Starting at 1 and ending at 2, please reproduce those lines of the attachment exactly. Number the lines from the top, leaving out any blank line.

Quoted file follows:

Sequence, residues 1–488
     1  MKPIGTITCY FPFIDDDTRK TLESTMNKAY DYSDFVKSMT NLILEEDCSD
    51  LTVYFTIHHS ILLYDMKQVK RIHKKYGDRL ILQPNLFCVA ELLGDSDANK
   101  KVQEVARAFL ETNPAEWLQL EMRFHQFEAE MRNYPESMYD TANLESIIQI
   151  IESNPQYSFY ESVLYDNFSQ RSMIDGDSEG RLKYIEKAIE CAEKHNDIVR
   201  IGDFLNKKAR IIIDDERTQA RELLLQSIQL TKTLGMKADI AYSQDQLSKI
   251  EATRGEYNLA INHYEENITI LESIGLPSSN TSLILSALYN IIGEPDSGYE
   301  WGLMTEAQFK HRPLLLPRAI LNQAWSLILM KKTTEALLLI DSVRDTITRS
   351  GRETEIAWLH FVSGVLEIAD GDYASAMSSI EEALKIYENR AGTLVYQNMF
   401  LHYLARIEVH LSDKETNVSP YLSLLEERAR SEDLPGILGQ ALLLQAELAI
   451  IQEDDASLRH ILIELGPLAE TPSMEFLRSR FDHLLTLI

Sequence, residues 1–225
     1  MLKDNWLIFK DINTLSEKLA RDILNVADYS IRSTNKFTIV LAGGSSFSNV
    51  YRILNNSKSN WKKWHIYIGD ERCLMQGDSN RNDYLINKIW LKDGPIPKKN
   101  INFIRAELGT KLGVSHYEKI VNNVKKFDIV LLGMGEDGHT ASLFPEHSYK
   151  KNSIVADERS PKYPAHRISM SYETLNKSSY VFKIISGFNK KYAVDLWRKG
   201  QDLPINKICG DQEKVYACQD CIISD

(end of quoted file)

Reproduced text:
Sequence, residues 1–488
     1  MKPIGTITCY FPFIDDDTRK TLESTMNKAY DYSDFVKSMT NLILEEDCSD